[Foundation-l] Status of 2009 Fundraiser Survey

Gregory Kohs thekohser at gmail.com
Thu Dec 10 14:34:58 UTC 2009

eia says:

I'm sorry, but at least in your e-mail you mainly make a lot of
statements that I can imagine are worded in such a way that they don't
really ask for a reply, and one rethorical question. So if you want
information, I suggest you try to put your questions down a little
more constructively and maybe consider asking the right people


Part of your advice ("asking the right people directly") is sound, and
that's why I reached out on November 14 to Rand Montoya via personal
e-mail.  I received no response.  The only constructive response I've
received since August was from Jpilisuk who said, "Entering the survey in 11
languages is taking much longer than anticipated".  My reaction was that 3
or 4 languages would have covered about 98% of the possibly meaningful
respondent base, even if some donors would have to navigate the survey in
their second language.  Don't you think for this survey, it would have been
better to field it in 2009 before the fundraising began, in English, French,
Chinese, and Spanish, than to be stuck translating it into 11 languages
(that weren't even seriously discussed publicly, as I recall) and missing
the 2009 window entirely?  As the project currently stands, the whole thing
is being held up because we're waiting on translations into Arabic, Malay,
Occitan, and Taiwanese.  Plus, we're waiting for proofreading of the
translated versions in Catalan, Czech, Danish, German, Spanish, French,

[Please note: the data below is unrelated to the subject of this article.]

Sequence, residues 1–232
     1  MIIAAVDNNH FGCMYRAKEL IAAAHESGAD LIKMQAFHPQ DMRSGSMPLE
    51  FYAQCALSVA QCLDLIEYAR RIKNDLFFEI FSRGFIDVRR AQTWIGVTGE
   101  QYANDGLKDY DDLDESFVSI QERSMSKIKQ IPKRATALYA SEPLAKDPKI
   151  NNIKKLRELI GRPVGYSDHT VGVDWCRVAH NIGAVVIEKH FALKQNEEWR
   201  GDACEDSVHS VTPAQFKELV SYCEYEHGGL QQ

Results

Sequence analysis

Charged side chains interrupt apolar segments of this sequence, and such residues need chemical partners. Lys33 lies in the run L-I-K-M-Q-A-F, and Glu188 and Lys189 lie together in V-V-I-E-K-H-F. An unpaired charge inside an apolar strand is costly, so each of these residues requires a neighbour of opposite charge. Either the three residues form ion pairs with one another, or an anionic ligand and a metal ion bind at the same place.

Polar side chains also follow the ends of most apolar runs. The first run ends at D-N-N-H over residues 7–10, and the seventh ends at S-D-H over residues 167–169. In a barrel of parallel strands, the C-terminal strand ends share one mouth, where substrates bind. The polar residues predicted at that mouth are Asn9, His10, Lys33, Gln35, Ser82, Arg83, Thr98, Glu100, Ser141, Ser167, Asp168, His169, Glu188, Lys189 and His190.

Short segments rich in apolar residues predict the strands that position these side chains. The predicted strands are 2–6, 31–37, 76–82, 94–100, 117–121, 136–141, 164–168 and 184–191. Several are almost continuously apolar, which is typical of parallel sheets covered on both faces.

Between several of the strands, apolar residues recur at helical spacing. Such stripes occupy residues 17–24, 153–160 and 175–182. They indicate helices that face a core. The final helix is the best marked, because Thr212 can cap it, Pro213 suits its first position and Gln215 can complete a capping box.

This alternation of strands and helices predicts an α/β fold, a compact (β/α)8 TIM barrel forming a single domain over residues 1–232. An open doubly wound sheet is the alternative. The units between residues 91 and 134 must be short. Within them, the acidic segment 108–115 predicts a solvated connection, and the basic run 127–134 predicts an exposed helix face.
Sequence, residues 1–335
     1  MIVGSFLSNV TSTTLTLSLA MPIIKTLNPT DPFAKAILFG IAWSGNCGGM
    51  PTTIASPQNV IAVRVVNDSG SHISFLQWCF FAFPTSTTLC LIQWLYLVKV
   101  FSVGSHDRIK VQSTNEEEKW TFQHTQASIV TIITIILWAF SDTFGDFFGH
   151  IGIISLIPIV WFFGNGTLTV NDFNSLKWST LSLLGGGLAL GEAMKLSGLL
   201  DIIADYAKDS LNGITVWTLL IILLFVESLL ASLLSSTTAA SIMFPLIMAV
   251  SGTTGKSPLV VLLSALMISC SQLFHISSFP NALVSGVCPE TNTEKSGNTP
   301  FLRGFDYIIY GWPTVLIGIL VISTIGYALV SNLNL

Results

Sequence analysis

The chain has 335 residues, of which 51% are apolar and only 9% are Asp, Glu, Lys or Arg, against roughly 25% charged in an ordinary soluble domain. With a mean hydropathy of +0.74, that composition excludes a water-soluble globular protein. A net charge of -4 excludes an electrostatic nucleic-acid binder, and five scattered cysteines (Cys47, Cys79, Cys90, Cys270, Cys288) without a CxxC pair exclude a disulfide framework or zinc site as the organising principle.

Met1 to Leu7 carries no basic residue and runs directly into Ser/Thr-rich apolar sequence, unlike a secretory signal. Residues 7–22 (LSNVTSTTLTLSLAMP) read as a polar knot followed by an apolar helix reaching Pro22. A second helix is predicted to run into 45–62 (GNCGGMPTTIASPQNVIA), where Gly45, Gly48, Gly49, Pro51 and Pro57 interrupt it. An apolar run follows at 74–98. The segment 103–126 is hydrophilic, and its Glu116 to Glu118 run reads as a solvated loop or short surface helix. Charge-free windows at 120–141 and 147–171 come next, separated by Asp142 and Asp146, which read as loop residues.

Italian, Japanese, Dutch, and Polish.

These were executive decisions, I assume.  I strongly disagree with the
emphasis that was placed -- as late as August 2009 -- on conducting a
pre-fundraising campaign survey that would first be translated into 8 to 11
different languages.  I do seek a reply, and my question is not rhetorical.

What I've witnessed is a fairly major research initiative come off the
rails, I've asked when we might get it back on track, and the response has
been pure silence.  Literally, no response at all to repeated requests for
information, in multiple venues (e-mail, Meta, and Foundation-l).  And your
concern is that my request didn't sound constructive enough?

One constructive recommendation I have is this:

When asked a question, try to respond to it, even if the response is "I
don't know; but here's how you might help me at this juncture."

Lately, I have been seeing multiple examples of initiatives launched, but
then fizzled out, even after significant contribution from waves of
volunteers.  Examples?  The Greenspun illustration project.  Flagged
revisions implementation on English Wikipedia.  Release of Episode 45 on
Wikivoices.  And now this 2009 Fundraising Survey.

Future volunteers will look back on these abortive efforts and likely ask
themselves, "Do I really want to commit my time and resources to this new
Project XYZ, if previous projects seem to come undone so regularly?"

You can apologize all you want ("I'm sorry..."), effe, but where I come
from, in my two decades plus experience in business operations, it is better
to respond to questions about projects that are off-track, than to simply
clam up and fail to provide any answer at all.  Especially when the person
asking has already dedicated many hours to help further the success of said
project.  My asking is not just a voice from left field -- I have sweat
equity invested in the 2009 Fundraising Survey.  I want to be assured that
it's not abandoned.

There is a possibility that this post will be rejected by the list
moderators.  That's why I've copied others at the Wikimedia Foundation, so
that if it is rejected, they can see that the censorship of this problem is
quite possibly systemic.

Gregory Kohs

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